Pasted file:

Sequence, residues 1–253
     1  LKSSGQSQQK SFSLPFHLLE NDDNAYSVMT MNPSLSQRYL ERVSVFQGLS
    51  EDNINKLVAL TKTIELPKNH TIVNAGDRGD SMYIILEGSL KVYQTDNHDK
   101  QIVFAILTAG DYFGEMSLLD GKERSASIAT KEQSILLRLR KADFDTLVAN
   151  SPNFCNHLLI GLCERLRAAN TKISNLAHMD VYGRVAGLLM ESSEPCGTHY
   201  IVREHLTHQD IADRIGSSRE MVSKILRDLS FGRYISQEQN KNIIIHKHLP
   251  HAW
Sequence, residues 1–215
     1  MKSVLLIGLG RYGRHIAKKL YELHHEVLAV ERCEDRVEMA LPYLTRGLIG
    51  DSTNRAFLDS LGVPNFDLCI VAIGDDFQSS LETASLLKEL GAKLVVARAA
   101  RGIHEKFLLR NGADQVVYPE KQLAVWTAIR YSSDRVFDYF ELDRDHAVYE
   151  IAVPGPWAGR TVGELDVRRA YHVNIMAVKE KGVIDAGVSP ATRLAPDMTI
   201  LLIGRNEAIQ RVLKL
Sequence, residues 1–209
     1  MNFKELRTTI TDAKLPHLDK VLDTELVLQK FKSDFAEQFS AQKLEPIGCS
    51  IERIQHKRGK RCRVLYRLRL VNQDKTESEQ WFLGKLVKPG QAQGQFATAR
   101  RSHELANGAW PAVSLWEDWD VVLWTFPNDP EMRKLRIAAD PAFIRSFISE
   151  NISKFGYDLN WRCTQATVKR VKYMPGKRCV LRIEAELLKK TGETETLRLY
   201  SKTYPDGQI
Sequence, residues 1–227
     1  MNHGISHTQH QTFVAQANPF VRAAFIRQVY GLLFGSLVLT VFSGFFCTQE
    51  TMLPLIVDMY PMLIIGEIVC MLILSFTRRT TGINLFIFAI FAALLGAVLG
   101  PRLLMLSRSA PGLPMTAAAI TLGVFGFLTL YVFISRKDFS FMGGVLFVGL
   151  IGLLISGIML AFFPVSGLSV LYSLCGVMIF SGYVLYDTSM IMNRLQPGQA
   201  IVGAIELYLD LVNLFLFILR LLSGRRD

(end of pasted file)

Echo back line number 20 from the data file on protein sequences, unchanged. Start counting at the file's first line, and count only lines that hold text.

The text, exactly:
Sequence, residues 1–227